“I absolutely recommend flip flop hiking,” said “Sin Nombre.” “After hearing stories from NOBOs who started in March, I can't imagine dealing with the crowds and related issues common at that end of the Trail in spring. And having seen how brutal Maine is, I seriously question if I would have made it as a SOBO thru-hiker. Flip flop hiking provided the traditions and camaraderie of a NOBO hike with the quiet solitude hikers of yesteryear reminisce about. While I did have to hike northern Virginia in the heat of August, I also dodged the cold of spring and early winter that non-flip floppers must face. I got my Trail legs in the mild mid-Atlantic, built experience and confidence in New England and then reunited in the south with an unlikely Trail family of flip floppers, finally experiencing all the places our NOBO friends had told us about with the confidence that we could handle whatever got thrown at us. It was a perfect mixture of experiences. I can't imagine doing my thru-hike any other way.”
If you would like to learn more about flip flop thru-hiking and thru-hiker basics, the Flip Flop Festival this weekend — April 22-23 — in Harpers Ferry, WV will have hiker workshops, expert advice, activities and more! Celebrate the Trail with A.T. Communities™ Harpers Ferry and Bolivar! Check out www.appalachiantrail.org/FlipFlop for a full schedule of events.
Special thanks to all the 2016 flip floppers that contributed feedback to the ATC!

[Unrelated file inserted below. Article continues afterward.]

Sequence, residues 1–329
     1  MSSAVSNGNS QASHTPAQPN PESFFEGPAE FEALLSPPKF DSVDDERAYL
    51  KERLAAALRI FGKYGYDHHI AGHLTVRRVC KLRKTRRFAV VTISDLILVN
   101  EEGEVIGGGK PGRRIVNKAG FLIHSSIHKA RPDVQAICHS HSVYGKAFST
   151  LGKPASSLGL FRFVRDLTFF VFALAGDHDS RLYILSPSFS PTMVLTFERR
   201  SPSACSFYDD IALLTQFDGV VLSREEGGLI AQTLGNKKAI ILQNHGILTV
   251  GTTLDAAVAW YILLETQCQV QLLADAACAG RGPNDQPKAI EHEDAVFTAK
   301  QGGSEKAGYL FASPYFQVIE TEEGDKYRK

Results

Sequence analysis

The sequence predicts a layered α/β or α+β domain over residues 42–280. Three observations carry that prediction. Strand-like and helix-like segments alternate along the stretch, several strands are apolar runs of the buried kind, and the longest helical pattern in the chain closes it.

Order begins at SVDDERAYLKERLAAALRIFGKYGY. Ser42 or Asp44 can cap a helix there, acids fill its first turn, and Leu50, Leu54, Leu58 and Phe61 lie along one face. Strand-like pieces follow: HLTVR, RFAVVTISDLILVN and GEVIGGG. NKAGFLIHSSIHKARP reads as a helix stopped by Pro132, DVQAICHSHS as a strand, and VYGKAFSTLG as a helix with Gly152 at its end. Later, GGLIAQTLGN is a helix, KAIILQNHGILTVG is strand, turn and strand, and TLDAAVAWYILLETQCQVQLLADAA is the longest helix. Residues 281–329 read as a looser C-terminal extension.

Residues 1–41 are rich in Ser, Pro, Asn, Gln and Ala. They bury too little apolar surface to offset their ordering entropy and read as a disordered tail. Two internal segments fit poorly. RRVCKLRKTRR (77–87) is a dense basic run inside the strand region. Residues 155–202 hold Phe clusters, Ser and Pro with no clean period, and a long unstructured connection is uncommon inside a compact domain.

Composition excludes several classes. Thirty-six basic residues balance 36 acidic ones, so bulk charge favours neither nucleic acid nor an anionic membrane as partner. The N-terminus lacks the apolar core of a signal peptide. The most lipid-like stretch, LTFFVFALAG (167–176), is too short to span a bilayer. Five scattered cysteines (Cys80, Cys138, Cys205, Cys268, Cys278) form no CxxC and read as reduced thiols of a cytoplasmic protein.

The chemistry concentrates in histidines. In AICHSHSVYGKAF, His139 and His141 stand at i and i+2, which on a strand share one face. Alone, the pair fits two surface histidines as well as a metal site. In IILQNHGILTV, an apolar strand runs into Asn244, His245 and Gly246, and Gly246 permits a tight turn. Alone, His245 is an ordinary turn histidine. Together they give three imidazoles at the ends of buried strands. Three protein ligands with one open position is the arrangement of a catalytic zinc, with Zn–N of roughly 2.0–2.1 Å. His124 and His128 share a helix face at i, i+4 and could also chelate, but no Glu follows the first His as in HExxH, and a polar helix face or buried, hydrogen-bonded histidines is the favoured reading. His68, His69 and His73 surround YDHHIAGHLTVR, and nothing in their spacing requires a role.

Flip floppers mentioned in the article:
- “Homeward,” Route: Duncannon, PA to Springer Mt., GA/Duncannon, PA to Katahdin, ME. Start: 2/29/16, End: 8/30/16
- Charles “Bald Whistler” Shimer, Route: Harpers Ferry, WV to Damascus, VA/Pawling, NY to Katahdin, ME/Pawling, NY to Harpers Ferry, WV/Damascus, VA to Springer Mt., GA. Start: 3/26/16, End: 11/18/16
- “Sin Nombre,” Route: Harpers Ferry, WV to Katahdin, ME/Harpers Ferry, WV to Springer Mt., GA. Start: 5/8/16, End: 10/25/16
- “Last Chance,” Route: Harpers Ferry, WV to Katahdin, ME/Hampton, TN to Springer Mt., GA/Hampton, TN to Harpers Ferry, WV. Start: 5/26/15, End: 5/3/16
- Joe “Guru” Reynolds, Route: Springer Mt., GA to Harpers Ferry, WV/Katahdin, ME to Harpers Ferry, WV. Start: 5/3/16, End: 10/1/16
- Joe “Grey Blaze” Stidham, Route: Harpers Ferry, WV to Katahdin, ME/Harpers Ferry, WV to Springer Mt., GA. Start: 4/24/16, End: 10/27/16
- “Sourpatch,” Route: Harpers Ferry, WV to Springer Mt., GA/Katahdin, ME to Harpers Ferry, WV. Start: 6/12/16, End: 11/19/16
- “Fire,” Route: Duncannon, PA to Katahdin, ME/Duncannon, PA to Springer Mt., GA. Start: 6/1/16, End: 11/8/16
- “Pony,” Route: Springer Mt, GA to Killington, VT/Katahdin, ME to Killington, VT. Start: 3/13/16, End: 9/22/16
- Jessica “Skootch” Eshleman, Route: Springer Mt., GA to Apple Orchard Falls Trail crossing, VA/Katahdin to Apple Orchard Falls Trail crossing, VA. Start: 3/20/16, End: 12/11/16
- “2Taps,” Route: Springer Mt., GA to Buena Vista VA/Katahdin to Buena Vista, VA. Start: 6/5/16, End: 10/30/16